October 2, 2009 Arizona Congressman to Deliver Closing Keynote Address for Hispanic Heritage Month at the Library of Congress

Press Contact: Erin Allen (202) 707-7302
Public Contact: Cynthia Acosta (202) 707-2013

In honor of Hispanic Heritage Month, Rep. Raúl Grijalva (D-Ariz.) will deliver the closing keynote address on Tuesday, Oct. 13, at 1:30 p.m. in the Mumford Room, located on the sixth floor of the Library of Congress’ James Madison Building, 101 Independence Ave., S.E., Washington, D.C. The event is free and open to the public; tickets are not required. A small reception will follow.

The theme of this year’s celebration, which runs from Sept. 15 through Oct. 15, is "Embracing the Fierce Urgency of Now!"

Grijalva began his public career as a community organizer in his native city of Tucson, Ariz., and was the first Latino elected to the Tucson Unified School District Board in more than 20 years. He was subsequently elected to the Pima County Board of Supervisors, where he served from 1988 to 2002. His passion for environmental protection and his leadership in the area of land use led to the creation of the Sonoran Desert Conservation Plan, an innovative approach to species and habitat protection in concert with land-use planning in the community. He was elected to the United States Congress in 2002 and is currently a member of the Committee on Education and Labor. He is also a member of the Committee on Natural Resources, serving as the chairman of the National Parks, Forests and Public Lands Subcommittee. He also serves as the first vice chair of the Congressional Hispanic Caucus.

Grijalva was born and grew up in Tucson. His father emigrated from Mexico in 1945 through the “Bracero Program” during WWII, which allowed Mexican laborers to work in the U.S. to meet labor demand.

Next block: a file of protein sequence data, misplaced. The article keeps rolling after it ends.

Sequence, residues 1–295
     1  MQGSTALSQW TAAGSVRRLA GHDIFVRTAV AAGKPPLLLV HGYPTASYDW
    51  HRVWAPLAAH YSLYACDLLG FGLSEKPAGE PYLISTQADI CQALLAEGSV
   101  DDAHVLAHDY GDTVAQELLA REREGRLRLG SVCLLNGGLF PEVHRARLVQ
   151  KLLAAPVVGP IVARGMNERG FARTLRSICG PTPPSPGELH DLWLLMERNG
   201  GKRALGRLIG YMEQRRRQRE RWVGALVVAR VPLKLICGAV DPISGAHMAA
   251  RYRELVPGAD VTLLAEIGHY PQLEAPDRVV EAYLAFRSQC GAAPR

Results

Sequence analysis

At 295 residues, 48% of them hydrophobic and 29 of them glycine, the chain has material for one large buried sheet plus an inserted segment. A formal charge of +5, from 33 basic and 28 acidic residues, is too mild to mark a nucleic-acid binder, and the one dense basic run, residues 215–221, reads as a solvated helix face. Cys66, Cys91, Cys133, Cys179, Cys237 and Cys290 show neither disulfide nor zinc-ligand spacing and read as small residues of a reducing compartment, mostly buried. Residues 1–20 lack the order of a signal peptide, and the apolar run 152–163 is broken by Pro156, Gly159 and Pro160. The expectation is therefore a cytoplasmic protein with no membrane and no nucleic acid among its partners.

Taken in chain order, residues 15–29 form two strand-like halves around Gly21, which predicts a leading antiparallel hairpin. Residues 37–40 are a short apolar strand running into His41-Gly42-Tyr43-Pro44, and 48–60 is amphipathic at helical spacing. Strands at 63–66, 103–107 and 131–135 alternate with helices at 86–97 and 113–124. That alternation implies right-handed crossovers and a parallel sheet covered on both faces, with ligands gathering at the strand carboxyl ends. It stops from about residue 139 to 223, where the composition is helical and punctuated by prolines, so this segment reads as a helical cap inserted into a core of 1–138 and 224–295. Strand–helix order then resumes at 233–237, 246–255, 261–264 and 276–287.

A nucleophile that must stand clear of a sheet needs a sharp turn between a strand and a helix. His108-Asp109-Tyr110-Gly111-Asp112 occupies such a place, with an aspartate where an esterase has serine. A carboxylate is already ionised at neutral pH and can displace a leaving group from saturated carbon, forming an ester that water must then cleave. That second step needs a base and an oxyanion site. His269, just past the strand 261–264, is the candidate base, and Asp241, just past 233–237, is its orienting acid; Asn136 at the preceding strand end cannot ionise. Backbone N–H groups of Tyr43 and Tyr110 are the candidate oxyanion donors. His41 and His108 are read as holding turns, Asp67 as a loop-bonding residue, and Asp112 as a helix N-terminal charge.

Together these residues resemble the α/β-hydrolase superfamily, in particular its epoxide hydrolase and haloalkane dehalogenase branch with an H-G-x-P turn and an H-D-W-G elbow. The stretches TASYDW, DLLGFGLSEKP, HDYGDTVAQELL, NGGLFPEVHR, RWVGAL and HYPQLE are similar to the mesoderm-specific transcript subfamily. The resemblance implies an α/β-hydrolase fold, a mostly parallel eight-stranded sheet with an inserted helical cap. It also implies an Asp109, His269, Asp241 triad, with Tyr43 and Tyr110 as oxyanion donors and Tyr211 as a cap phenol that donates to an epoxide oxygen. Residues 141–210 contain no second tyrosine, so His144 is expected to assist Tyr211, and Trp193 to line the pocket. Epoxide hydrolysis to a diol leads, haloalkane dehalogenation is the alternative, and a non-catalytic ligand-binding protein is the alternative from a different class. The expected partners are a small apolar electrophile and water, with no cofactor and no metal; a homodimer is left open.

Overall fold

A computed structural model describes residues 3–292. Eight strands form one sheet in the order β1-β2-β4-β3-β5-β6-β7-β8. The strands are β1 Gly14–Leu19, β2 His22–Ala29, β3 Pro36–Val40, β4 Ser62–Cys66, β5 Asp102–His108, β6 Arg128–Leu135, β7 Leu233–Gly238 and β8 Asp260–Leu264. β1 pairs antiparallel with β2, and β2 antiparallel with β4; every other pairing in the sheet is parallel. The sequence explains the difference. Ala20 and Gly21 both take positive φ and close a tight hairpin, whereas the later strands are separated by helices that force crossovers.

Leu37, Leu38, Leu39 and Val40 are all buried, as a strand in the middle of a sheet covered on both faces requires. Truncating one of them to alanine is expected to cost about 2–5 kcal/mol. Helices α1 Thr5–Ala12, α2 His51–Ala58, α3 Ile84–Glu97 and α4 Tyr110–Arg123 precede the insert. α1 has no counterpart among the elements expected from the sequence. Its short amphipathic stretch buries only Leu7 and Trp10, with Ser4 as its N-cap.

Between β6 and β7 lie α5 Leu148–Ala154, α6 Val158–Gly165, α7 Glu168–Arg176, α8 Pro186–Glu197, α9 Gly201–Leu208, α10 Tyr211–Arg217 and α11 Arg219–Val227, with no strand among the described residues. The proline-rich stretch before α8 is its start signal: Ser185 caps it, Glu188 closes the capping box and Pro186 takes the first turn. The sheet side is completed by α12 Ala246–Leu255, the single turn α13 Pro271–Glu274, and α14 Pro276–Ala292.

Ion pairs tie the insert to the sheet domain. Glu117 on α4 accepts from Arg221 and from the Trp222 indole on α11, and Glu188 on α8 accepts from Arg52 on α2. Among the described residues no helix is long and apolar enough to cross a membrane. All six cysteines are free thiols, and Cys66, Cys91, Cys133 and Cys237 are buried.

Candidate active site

In addition to the Oct. 13 closing keynote address, the Hispanic Cultural Society and the Hispanic Division are sponsoring a screening of the award-winning documentary “389 Miles: Living the Border” on Wednesday, Oct. 7, at 11:30 a.m. in the Mary Pickford Theater. The explores the human relations forged by the border as told through the eyes of those in a single neighborhood spanning the fence, border residents, vigilantes patrolling the border in an attempt to seal it, and activists on both sides of the border who are trying to help undocumented migrants.

A special display from the Library’s collections highlighting the contributions of Hispanic Americans to the nation is on view in the Madison Building foyer through October 15, 2009. The Library launched an online resource page which highlights the collections on Hispanic Americans, their contributions and accomplishments. The site can be accessed via www.loc.gov/topics/hispanicheritage/.

The Library of Congress, the nation's oldest federal cultural institution, is the world's preeminent reservoir of knowledge, providing unparalleled collections and integrated resources to Congress and the American people. Many of the Library’s rich resources and treasures may also be accessed through the Library’s website at www.loc.gov and via interactive exhibitions on a new, personalized website at myLOC.gov.

The Hispanic and Portuguese collections of the Library of Congress comprise more than 13 million items and are believed to be the most extensive such collections in the world. For more information about the Library’s Luso-Hispanic holdings, visit the Library’s Hispanic Reading Room in person or online at www.loc.gov/rr/hispanic/.


PR 09-198
ISSN 0731-3527